In lieu of the annual Harlem EatUp! food festival, executive producers Marcus Samuelsson and Herb Karlitz presented Harlem Serves Up!, a televised fundraiser that featured chefs and restaurateurs broadcasting live from Harlem. Viewers were able to virtually visit local restaurants like LoLo’s Seafood Shack to hear how they have been affected by the pandemic. Proceeds raised from the show benefited Citymeals, World Central Kitchen, Harlem Park to Park, and Uptown Grand Central.
10. Host a drive-in event
Since large gatherings inside venues are still a no-no, some organizations are thinking outside the box and hosting outdoor drive-in events. Tribeca Enterprises partnered with IMAX and AT&T for this summer’s “Tribeca Drive-In” movie series, taking place in California, Florida, Texas, and New York. For each event, Tribeca works with local vendors to support small businesses and make the experience unique to the community.
11. Host a virtual auction
Online auctions aren’t a new concept, but the shutdown of live events has made them more necessary than ever. Similar to an in-person silent auction, bidders are able to digitally place their bids on donated items via an online auction hosting platform. In July, The World’s 50 Best Bars (which is owned by William Reed Business Media) launched its “Bid for Recovery” auction to support the hospitality sector. The global gastronomic event featured lots from bartenders and brands including three nights of bar hopping in New York and courtside seats at the French Open ladies’ final in 2021.
12. Host a charity sale
Make giving easy by creating an online store where patrons can buy products from a local business, then either have the goods delivered or coordinate safe pick-up spots. In an effort to support the Equal Justice Initiative, Food Bank of New York City, and Crew Nation, Governors Ball organizers launched a special line of merch, with all proceeds going to the charity partners. Festival fans can also purchase pro photographs from past fests, with proceeds going to the charities as well as the participating concert photographers.
13. Host a social media takeover
In order to bring attention to your cause, reach out to a brand, sponsor, influencer, or prominent figure to ask if they would be willing to “donate” their social media account. By posting content through their handle, you’ll be able to link back to your organization, thus educating a larger audience. The #ShareTheMicNow social media campaign for the Black Lives Matter movement involved Black women taking over the accounts of white women with a large Instagram following to help magnify their voices and stories. For example, beauty editor Kahlana Barfield Brown teamed up with Julia Roberts to take over her account for the day. (ICYMI: Instagram is also currently testing out a new way to raise money for a personal cause, small business, or friend.)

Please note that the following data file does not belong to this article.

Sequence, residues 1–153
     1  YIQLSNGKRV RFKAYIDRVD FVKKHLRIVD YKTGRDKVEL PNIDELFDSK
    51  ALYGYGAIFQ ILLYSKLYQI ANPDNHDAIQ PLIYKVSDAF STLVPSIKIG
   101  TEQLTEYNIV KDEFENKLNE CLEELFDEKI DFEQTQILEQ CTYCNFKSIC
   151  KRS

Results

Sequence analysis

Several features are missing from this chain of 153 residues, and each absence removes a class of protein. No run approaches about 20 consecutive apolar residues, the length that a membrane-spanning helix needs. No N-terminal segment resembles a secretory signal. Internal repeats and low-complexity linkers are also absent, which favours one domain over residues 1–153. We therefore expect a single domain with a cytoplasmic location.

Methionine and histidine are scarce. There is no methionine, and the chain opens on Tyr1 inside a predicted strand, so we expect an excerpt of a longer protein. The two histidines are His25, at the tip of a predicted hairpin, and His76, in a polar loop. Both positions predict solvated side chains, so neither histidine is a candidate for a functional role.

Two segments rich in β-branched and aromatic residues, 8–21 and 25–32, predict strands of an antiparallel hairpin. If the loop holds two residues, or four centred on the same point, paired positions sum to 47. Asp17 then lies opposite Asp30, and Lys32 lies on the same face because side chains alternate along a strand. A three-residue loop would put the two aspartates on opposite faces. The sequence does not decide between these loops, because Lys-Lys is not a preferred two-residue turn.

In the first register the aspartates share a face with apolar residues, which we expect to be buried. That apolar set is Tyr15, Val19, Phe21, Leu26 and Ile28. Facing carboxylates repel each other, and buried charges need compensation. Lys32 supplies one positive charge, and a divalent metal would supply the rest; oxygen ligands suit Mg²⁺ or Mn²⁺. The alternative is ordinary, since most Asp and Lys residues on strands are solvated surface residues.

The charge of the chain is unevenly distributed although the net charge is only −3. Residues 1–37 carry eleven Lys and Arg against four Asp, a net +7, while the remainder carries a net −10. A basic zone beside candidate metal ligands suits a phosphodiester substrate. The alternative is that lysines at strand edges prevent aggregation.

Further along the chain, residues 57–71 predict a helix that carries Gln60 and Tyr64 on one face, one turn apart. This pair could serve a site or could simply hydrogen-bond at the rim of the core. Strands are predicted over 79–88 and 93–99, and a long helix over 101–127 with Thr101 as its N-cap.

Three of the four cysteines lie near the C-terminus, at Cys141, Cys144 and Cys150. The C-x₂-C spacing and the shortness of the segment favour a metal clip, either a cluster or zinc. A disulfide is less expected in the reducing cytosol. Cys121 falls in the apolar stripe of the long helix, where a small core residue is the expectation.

14. Host a virtual raffle
Sometimes the best way to encourage folks to give is to give. That’s the idea behind an online raffle. For example, boutique owner Hala Moawad recently launched an online charity raffle called “It’s Lebanon’s Anarchy That Bothers You” to benefit Beit el Baraka, a Lebanese nonprofit organization that’s committed to providing families with basic products, food, and medication. Visitors could win a prize by purchasing tombola (a.k.a. lottery) tickets for each specific item. (Or they could simply buy their favorite piece using the “buy-now” option.) Prizes included contributions such as a Jacquemus micro-size Le Chiquito bag, photographs by Nicolas Niarchos, and more.
15. Host a virtual masterclass
For National Lipstick Day on July 29, beauty brand Charlotte Tilbury presented a live charitable masterclass via Zoom, which was hosted by celebrity makeup artist Sofia Tilbury and influencer Niomi Smart. During the class, Tilbury shared her tips and tricks for the perfect pout, and each participant received a discount promo code to use on their next purchase. Proceeds from the ticketed event benefited Women for Women International, a nonprofit organization that serves women in crisis and provides resources to impoverished communities around the world.